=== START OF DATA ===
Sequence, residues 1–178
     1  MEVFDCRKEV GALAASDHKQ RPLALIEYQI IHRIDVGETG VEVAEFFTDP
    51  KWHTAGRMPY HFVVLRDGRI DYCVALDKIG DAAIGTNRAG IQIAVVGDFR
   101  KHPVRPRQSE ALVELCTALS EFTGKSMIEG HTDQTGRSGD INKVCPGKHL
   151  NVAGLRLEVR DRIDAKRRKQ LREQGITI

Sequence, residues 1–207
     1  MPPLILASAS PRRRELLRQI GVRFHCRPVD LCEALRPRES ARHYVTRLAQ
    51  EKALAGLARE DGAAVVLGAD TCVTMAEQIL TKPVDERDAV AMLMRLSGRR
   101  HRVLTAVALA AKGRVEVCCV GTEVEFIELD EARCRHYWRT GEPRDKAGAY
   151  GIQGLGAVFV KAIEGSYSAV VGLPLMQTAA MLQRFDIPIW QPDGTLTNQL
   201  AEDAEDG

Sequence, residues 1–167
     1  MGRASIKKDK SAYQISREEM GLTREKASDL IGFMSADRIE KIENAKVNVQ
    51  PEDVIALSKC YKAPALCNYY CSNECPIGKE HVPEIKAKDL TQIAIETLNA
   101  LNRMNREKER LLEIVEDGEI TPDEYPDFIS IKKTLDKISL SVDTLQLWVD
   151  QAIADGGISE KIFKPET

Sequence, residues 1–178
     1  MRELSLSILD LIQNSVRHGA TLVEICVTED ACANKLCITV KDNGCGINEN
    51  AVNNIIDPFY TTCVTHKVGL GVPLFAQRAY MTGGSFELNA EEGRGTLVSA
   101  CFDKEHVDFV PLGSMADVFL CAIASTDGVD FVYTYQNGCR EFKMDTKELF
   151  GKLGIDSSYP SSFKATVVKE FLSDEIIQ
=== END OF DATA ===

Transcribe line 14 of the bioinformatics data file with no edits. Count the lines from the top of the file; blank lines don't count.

    51  PEDVIALSKC YKAPALCNYY CSNECPIGKE HVPEIKAKDL TQIAIETLNA